I've never been trick-or-treating in my life. Not once. The last time I dressed up for Halloween I was seven years old, but nobody could quite come to terms with the sight of an elementary school kid striding down the block done up like Harold Hill. The year before that I was a Mathnet agent, had a little silver badge taped onto the inside cover of my calculator that I'd flash at people. I remember hoping that somebody would get it, but I'm fairly certain no one did. I think it managed to break something in my head.
Maybe I was an overly serious child or something but I don't think so, and it's certainly not that I'm serious now, but I wonder maybe if spending Halloweens at home as a kid, waiting for someone to knock on MY door and ask for MY candy, was the cause of root of something psychologically damaging.
I hate imposing. Talking to strangers in a bar, for instance, feels like I'm intruding on their world a little, a world that they never even dreamed of having me in. I don't like asking people for things, or for help, or even to just chill sometimes because it feels like I'm tacitly asking them for something.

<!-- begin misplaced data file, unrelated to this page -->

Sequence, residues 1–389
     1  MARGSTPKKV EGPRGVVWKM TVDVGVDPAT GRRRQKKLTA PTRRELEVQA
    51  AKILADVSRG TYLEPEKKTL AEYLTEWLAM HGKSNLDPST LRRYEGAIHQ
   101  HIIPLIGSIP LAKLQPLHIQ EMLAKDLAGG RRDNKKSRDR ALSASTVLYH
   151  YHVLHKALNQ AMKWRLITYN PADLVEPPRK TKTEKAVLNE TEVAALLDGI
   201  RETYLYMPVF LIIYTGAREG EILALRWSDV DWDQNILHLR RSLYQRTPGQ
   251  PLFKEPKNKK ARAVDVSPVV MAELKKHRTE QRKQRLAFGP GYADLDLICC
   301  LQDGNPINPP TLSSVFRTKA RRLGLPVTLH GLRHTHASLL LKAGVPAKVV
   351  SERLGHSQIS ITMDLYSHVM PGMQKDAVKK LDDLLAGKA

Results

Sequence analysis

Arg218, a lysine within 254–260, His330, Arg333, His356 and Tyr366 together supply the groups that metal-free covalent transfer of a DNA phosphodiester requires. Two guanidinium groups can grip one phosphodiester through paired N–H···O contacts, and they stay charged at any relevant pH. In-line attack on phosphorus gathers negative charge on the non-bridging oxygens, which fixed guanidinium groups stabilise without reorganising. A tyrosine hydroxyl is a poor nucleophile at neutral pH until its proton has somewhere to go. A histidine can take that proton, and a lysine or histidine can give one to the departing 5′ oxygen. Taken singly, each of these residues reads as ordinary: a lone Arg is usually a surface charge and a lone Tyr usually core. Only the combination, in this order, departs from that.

I had this friend in college in Massachusetts, Sammy. He was the guy in the dorm with the car; there's always one. Dairy Mart was a longass way away in the snow, and hell did it snow that winter, and I'd sometimes grab a lift from Sam for a cigarette run. The thing was, in my head, it was a trade - Sammy would give me a lift, and I'd buy him a pack of smokes. I'd preface it that way, too - he was fully aware of my mental process in regards to that arrangement. One night he said something like, "You know, you can just ask. Maybe I'll be in the mood and maybe I won't, but you're my friend. You don't need to barter for my time."
I'd like to think I've gotten better, but I'm not sure. Because now, when I do shit like that, I notice it without being able to stop. 'Come on over, I'll cook ya dinner;' 'Meet me in the park, I'll buy you lunch;' 'come out drinking tonight, I'll buy ya a beer.'
It never occurs to me to say 'come over. I miss you,' until later, the irony being that honesty like that feels manipulative as hell.